Sunday, 19 November 2017

The Beautiful Game

The Beautiful Game

The rise of the internet and social media has been generally a positive feature of modern life. Those old pub arguments about who scored a certain goal or whether a player was offside or not are now solved with the flick of a button and a glance through YouTube or Twitter. Another positive of the internet age is that the once all powerful press is now regularly ridiculed online and held to account in a manner unthinkable in pre-internet days. For instance, the contradictions and downright absurdities they tried to sell the footballing public over the liquidation of old Rangers were ruthlessly torn apart as the nonsense they were by an increasingly clued up and articulate online community.

It’s refreshing and somewhat democratising to see the old media being challenged by the new. In a world of news manipulation, ‘alternative facts’ and ‘post truth’ it’s easy to be sceptical about what we see and read but now and then there is still good old fashioned reporting which reminds us that decent journalists are still around. Of course there can be a tendency to praise those who see things the way we do and if social media has one great failing it is that communities of like-minded individuals follow each other into an echo chamber of seamless conformity. Within the bubble of orthodoxy it takes a brave person to stand up to the herd mentality and espouse contrary views. It is however necessary to good open debate that we hear other views and can disagree without rancour and abuse.

It’s interesting to see how Rangers supporters view Journalist Graham Spiers after his many statements on bigotry and racism among a support he was once part of. Some quietly agreed with much of what he says even if they thought he banged on about it a bit much. For others of limited intellect though, Spiers was a traitor who had turned on his own. Statements such as these cut them to the bone:

‘I have always happily ignored one of the traditional and cowardly rules of Scottish sports journalism - the rule which says, always apportion equal blame to Celtic and Rangers when talking of bigotry - by pointing a much bigger finger of blame at Rangers, the club I grew up supporting.’

In 2011 after the League Cup final between Celtic and Rangers, Spiers pointed out a feature of the game the vast majority of the watching press pack chose to ignore…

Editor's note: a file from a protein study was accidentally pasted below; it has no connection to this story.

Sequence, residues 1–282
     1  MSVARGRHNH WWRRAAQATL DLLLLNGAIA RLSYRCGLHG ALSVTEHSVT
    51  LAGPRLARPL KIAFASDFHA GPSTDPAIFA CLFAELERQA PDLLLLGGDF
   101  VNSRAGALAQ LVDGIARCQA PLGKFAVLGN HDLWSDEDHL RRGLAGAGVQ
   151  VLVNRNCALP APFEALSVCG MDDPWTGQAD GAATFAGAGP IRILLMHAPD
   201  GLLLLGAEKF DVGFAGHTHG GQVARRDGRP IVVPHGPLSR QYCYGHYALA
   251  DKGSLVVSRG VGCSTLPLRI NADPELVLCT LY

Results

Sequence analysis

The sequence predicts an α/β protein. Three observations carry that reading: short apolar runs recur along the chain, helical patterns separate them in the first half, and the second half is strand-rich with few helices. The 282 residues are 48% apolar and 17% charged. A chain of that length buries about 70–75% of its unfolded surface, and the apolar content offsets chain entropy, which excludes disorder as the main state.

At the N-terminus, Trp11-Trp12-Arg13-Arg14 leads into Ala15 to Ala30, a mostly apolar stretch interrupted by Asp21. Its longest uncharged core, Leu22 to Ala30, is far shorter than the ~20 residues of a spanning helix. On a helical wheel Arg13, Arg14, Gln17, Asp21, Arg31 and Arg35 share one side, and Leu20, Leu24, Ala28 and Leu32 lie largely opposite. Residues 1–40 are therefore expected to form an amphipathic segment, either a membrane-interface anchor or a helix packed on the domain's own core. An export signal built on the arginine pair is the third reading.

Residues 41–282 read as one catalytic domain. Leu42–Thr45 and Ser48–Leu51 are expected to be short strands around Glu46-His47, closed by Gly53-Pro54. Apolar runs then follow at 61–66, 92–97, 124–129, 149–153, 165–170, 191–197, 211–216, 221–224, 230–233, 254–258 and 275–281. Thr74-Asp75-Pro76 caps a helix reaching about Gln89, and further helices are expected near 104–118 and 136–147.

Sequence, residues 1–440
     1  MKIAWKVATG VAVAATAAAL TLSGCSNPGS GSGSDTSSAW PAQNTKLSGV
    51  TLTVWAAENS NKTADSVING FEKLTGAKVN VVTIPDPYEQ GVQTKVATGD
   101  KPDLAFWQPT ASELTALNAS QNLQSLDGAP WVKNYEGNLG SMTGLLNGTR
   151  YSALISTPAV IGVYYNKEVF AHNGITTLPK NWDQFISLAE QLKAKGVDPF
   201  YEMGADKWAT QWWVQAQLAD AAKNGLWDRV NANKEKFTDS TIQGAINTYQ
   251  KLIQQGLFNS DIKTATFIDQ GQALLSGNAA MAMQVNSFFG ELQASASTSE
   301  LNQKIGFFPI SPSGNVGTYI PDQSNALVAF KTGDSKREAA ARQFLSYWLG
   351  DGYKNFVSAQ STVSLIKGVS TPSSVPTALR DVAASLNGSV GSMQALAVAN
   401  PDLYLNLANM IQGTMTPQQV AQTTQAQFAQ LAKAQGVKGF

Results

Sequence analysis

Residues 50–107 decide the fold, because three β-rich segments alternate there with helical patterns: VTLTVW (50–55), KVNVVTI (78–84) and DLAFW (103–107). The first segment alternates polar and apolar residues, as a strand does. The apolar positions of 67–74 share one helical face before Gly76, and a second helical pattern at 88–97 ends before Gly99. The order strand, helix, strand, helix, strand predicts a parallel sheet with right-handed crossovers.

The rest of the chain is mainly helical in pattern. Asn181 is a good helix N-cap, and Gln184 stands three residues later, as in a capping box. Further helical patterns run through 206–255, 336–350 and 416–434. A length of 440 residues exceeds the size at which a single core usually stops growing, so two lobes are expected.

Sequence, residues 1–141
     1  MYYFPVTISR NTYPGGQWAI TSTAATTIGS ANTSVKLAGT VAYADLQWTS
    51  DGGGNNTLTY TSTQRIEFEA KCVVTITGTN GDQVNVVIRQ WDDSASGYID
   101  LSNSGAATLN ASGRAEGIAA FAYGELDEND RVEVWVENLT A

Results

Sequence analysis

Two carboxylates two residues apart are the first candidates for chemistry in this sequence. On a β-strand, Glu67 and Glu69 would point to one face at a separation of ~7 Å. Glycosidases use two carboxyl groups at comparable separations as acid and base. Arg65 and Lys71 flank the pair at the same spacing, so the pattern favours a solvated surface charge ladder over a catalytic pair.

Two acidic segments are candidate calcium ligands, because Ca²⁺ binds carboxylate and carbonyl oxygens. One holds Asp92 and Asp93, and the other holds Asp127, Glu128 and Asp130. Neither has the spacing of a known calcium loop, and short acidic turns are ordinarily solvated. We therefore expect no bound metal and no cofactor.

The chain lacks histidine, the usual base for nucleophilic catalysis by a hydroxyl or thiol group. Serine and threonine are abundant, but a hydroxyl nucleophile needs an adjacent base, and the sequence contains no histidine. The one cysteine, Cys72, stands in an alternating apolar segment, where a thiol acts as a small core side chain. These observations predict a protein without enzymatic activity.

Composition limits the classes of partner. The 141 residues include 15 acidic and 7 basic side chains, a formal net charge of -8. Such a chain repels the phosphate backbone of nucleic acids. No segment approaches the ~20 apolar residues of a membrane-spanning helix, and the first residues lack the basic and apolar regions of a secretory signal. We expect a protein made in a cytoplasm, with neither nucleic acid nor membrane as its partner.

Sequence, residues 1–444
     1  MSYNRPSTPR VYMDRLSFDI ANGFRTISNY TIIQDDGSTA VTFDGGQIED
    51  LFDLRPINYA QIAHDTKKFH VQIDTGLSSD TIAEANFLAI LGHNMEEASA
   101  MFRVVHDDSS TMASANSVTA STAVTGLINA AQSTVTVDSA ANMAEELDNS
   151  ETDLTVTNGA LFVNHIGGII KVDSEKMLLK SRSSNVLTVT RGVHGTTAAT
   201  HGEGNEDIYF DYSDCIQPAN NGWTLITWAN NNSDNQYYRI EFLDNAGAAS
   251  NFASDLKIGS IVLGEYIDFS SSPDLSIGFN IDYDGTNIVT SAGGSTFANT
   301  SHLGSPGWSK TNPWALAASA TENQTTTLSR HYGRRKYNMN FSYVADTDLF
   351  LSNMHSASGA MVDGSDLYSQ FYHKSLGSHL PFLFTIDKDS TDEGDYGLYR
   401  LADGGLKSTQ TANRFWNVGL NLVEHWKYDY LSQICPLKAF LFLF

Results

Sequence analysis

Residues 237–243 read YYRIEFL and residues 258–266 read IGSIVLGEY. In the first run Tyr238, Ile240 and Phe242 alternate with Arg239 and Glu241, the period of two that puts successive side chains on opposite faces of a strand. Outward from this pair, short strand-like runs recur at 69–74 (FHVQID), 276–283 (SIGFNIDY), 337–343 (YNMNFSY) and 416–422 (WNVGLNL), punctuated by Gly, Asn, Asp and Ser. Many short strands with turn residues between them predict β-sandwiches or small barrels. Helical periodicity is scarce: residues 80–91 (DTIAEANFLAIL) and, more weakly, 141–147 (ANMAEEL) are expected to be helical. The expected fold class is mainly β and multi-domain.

‘The incessant bigoted chanting by Rangers fans at Hampden was shocking. They are unarguably the most socially-backward fans in British football. The really damaging thing for RFC is, it’s not the mythical ‘small minority’. There appear to be thousands upon thousands singing these songs.’

Those of you who understand the pernicious sub-culture which sadly still lurks in the shadows of Scottish society will understand that it takes courage to speak out in such terms. We saw for instance the campaign of abuse aimed at Journalist, Jim Spence, for expressing the perfectly reasonable opinion that the resurrected Rangers of 2012 was a new club. Some lobbied to have him sacked from his job while a few aimed venomous and cowardly abuse at him from the anonymity of the internet.

In days past we produced some excellent sports writers in Scotland who wrote eloquently on the issues of the day without fear or favour. Some, such as Ian Archer took the bull by the horns and spoke about issues others for whatever reason ignored. Following a riot by Rangers fans in Birmingham in 1976 he called out bigotry in a manner few of his contemporaries would have contemplated…

"This has to be said about Rangers, as a Scottish Football club they are a permanent embarrassment and an occasional disgrace. This country would be a better place if Rangers did not exist."